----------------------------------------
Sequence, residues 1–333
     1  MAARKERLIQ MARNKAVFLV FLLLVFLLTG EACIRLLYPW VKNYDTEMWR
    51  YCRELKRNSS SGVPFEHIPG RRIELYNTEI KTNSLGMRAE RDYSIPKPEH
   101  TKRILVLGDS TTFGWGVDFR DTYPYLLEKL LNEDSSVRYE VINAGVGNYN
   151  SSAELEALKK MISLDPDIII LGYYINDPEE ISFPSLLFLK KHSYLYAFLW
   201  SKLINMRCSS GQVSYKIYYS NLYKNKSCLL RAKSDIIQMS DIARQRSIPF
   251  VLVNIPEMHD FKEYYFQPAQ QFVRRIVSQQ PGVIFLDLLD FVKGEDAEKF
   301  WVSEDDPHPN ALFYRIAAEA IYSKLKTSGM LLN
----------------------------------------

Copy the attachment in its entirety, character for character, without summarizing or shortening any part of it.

Sequence, residues 1–333
     1  MAARKERLIQ MARNKAVFLV FLLLVFLLTG EACIRLLYPW VKNYDTEMWR
    51  YCRELKRNSS SGVPFEHIPG RRIELYNTEI KTNSLGMRAE RDYSIPKPEH
   101  TKRILVLGDS TTFGWGVDFR DTYPYLLEKL LNEDSSVRYE VINAGVGNYN
   151  SSAELEALKK MISLDPDIII LGYYINDPEE ISFPSLLFLK KHSYLYAFLW
   201  SKLINMRCSS GQVSYKIYYS NLYKNKSCLL RAKSDIIQMS DIARQRSIPF
   251  VLVNIPEMHD FKEYYFQPAQ QFVRRIVSQQ PGVIFLDLLD FVKGEDAEKF
   301  WVSEDDPHPN ALFYRIAAEA IYSKLKTSGM LLN